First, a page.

Rugged clay forms the walls of this pavilion in Finland by architects Maiju Suomi and Elina Koivisto, which aims to provide an urban habitat for pollinators and was featured as part of Helsinki Design Week.
Alusta Pavilion is located next to Helsinki Design Museum
Clay and wood were used to create the project
Architecture duo Suomi and Koivisto arranged the geometric structures across the courtyard to create a mixture of seating and pathways that accompany large grow bags filled with over a thousand plant species.
Among these plants are speedwells, achilleas, oxeye daisy and field scabious, which attract insects to the pavilion so that they can inhabit it and pollinate its flowers.
It intends to serve as an urban habitat for plants and insects
“Many visitors have exclaimed that this is like a giant insect hotel,” said Suomi, who designed Alusta in collaboration with Koivisto as a part of the pair’s respective research projects at Helsinki’s Aalto University.
The pavilion joins a series of other designs that have emerged in recent years, which have been created for cities and intend to tackle the dwindling populations of bees and other insects in these urban areas.
Visitors are invited to interact with the pavilion
Clay was chosen for the project because it is often found in Finnish gardens, and also for its affordability, according to the pavilion’s architects, who described the material as sustainable.
“We’re used to measuring the toxicity of construction materials with their maximum tolerated limits, which should not be exceeded,” explained Koivisto, discussing clay.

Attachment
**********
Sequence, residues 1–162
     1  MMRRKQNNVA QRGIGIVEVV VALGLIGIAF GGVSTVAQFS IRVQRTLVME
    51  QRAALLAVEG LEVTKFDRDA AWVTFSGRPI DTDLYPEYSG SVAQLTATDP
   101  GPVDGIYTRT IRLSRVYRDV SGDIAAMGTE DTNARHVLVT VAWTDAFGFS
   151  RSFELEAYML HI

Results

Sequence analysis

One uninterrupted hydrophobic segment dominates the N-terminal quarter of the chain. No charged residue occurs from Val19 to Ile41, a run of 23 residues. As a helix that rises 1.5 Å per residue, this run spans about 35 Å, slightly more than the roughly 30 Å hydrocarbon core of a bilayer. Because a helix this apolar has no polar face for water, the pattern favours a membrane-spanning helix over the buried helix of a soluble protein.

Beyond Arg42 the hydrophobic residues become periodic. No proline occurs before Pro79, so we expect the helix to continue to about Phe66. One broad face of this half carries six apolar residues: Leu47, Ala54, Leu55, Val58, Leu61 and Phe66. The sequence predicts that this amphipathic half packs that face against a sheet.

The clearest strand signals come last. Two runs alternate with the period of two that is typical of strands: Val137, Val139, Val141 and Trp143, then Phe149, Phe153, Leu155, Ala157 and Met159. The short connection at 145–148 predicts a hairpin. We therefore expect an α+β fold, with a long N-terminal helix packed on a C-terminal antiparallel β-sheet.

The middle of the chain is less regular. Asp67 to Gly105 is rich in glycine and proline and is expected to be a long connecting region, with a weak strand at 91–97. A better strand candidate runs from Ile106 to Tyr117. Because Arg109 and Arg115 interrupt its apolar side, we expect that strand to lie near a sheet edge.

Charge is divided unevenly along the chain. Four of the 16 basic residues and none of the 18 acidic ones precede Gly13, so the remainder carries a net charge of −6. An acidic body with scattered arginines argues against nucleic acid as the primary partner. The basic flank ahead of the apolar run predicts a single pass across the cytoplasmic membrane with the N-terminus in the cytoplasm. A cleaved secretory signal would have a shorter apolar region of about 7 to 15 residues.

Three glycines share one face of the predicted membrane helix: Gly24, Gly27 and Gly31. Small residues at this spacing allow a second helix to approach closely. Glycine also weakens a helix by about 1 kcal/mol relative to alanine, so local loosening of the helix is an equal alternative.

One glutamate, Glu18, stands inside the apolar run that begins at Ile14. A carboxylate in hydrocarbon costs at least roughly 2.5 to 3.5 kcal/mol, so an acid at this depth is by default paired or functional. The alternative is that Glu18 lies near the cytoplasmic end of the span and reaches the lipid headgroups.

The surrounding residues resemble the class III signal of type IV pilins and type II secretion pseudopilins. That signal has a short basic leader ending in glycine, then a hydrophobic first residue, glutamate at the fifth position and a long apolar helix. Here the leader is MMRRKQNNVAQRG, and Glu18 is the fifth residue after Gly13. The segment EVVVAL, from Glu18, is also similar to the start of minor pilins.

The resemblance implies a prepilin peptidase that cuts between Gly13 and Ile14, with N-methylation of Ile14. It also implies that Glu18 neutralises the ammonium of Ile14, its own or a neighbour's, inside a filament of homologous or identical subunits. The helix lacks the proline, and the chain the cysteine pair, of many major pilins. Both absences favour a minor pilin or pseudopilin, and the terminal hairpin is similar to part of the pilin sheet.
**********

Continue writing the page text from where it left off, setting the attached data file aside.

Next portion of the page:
“What if we sought alternatives that don’t harm at all, or which are even beneficial for us?”
After Alusta Pavilion is dismantled, the materials used to create it will be recycled and the plants will be reused.
A programme of events is being hosted at the pavilion while it is installed in Helsinki, including children’s clay workshops and lectures centred on architecture and climate change.
Its materials will be recycled after the project is dismantled
The pavilion was completed with the assistance of 50 architecture students from Aalto University. It is currently on show as part of Designs for a Cooler Planet, an exhibition by the university’s students that addresses the climate crisis.
The images are courtesy of Maiju Suomi and Elina Koivisto.
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